Understanding the chaos of plant adaptation

We study how complex changes in plant genomes drive coherent outcomes over evolutionary time in cultivated and wild plants. Plants have colonized nearly every conceivable terrestrial environment requiring the simultaneous tuning of thousands of traits to a particular niche. Despite this apparent precision, genome evolution is remarkably chaotic. The plant genome frequently undergoes massive expansion and contraction, does not necessarily contain the same basic set of functional information in the form of genes, and is subject to ongoing invasions by a host of parasitic elements. How these changes translate to increased fitness remains one of the most perplexing and important questions in biology. We deconstruct the principles of genome evolution using computational and statistical analysis of large-scale genomic datasets, simulation-based hypothesis generation, and phenotype focused wet lab and field experimentation. Our goal is to develop a mechanistic framework for predicting plant success in a changing environment relevant to natural and agricultural systems.

Lab Themes

Observing evolution in real time

Plant adaptation is typically studied by comparing  samples collected from different environments. We aim to gain a mechanistic understanding of the molecular underpinnings of the adaptive process through direct observation of evolution. To accomplish this goal, we study a one of a kind series of long-term agricultural experiments, the barley composite crosses. In these experiments thousands of barley genotypes were competed against one another for decades in several environments.  By directly observing evolution in the composite crosses we can link individual genetic changes to fitness across time and observe how they are combined into a single genome to facilitate adaptation.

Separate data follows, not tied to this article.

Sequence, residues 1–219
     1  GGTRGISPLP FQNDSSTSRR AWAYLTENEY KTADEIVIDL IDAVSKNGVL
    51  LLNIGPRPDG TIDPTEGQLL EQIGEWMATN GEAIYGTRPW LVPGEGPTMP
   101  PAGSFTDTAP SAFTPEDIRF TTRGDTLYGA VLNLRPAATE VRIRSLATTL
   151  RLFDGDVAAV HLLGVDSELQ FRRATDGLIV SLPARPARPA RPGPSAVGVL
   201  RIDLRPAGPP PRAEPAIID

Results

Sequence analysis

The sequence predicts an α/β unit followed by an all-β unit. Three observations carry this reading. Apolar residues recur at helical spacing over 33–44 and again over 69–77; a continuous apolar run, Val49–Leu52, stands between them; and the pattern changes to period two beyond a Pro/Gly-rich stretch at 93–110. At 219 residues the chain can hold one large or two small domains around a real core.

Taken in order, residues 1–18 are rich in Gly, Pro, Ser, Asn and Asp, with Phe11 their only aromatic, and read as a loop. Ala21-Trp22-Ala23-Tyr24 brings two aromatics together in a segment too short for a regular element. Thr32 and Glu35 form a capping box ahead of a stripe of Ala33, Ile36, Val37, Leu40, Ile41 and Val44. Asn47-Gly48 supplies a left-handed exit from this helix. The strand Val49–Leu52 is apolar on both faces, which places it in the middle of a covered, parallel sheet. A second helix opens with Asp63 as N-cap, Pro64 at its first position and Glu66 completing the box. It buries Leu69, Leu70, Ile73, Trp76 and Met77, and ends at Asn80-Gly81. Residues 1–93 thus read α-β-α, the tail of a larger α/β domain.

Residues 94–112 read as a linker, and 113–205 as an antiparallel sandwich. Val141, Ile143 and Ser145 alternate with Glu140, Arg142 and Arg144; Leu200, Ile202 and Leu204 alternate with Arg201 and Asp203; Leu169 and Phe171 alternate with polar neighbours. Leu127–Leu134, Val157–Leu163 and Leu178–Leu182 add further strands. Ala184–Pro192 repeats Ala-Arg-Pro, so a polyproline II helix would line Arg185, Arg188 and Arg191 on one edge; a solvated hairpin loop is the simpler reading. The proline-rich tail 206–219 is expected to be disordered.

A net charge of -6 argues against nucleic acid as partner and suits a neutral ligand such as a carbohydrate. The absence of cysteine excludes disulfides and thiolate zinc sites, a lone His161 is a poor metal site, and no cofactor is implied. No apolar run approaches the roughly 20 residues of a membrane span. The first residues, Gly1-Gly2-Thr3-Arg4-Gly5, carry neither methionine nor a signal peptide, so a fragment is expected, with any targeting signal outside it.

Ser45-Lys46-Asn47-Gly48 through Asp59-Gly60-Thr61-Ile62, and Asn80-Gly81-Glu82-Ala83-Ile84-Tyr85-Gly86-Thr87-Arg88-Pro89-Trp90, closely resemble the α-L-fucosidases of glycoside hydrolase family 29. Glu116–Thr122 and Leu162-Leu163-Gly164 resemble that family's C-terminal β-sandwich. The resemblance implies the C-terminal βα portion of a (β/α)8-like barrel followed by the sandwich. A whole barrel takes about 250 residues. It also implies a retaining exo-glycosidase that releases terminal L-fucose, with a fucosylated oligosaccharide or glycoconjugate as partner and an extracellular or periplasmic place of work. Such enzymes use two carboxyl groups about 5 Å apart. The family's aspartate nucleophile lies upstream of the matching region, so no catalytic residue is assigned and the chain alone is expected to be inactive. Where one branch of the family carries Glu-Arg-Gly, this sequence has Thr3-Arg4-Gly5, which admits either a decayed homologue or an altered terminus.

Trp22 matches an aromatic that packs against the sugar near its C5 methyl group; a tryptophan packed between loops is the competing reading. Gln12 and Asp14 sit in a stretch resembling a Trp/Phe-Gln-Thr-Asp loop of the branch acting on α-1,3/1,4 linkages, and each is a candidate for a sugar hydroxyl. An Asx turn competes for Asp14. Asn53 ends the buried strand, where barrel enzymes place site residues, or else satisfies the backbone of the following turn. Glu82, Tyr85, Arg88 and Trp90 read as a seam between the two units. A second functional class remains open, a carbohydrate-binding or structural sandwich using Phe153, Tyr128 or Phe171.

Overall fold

The molecular basis of the rate of mutation

Plant genomes are astonishingly unstable over evolutionary time. With the passage of each generation,  mutations ranging from single base pair substitutions to large-scale chromosomal rearrangements can modify the genetic code. Changes in genome structure and content accumulate even after relatively short evolutionary periods, and the rate of genome content evolution is itself unstable. We use whole genome sequencing data to identify genes that alter the tempo and spectrum of mutation in natural plant populations and to understand how natural selection shapes the rate of mutation.

Lab Members

Oluwafemi Alaba

Postdoctoral Researcher

Ruth Sarahi Perez Alfaro

Assistant Specialist

Jill Marzolino

Graduate Student

Aimee Uyehara

Co-advised Graduate Student

Dr Dan Koenig


Joining the lab

Thank you for your interest in working with us!

Graduate Students: The lab accepts students from the Plant Biology; Genetics, Genomics, and Bioinformatics; and Ecology, Evolution, and Organismal Biology graduate programs. Please click the links to one of the programs to learn more. All three programs accept applications in the Fall of every year.

Postdoctoral Researchers: Please contact the lab PI to discuss the possibility of joining the lab. Please be specific in describing your research interests and how they may align with the lab's research. Postdoctoral researchers are encouraged to apply for fellowships, and the PI will be happy to assist in this process.

Undergraduate Researchers: We are always excited to host undergraduate researchers in the lab. Please contact the PI to discuss possible opennings.

Where to find us

University of California

Department of Botany and Plant Sciences

4412 Boyce Hall

3401 Watkins Dr.

Riverside, CA 92507

Lab Phone: (951) 827-4679

Office Phone: (951) 827-3212

email: dkoenig at ucr dot edu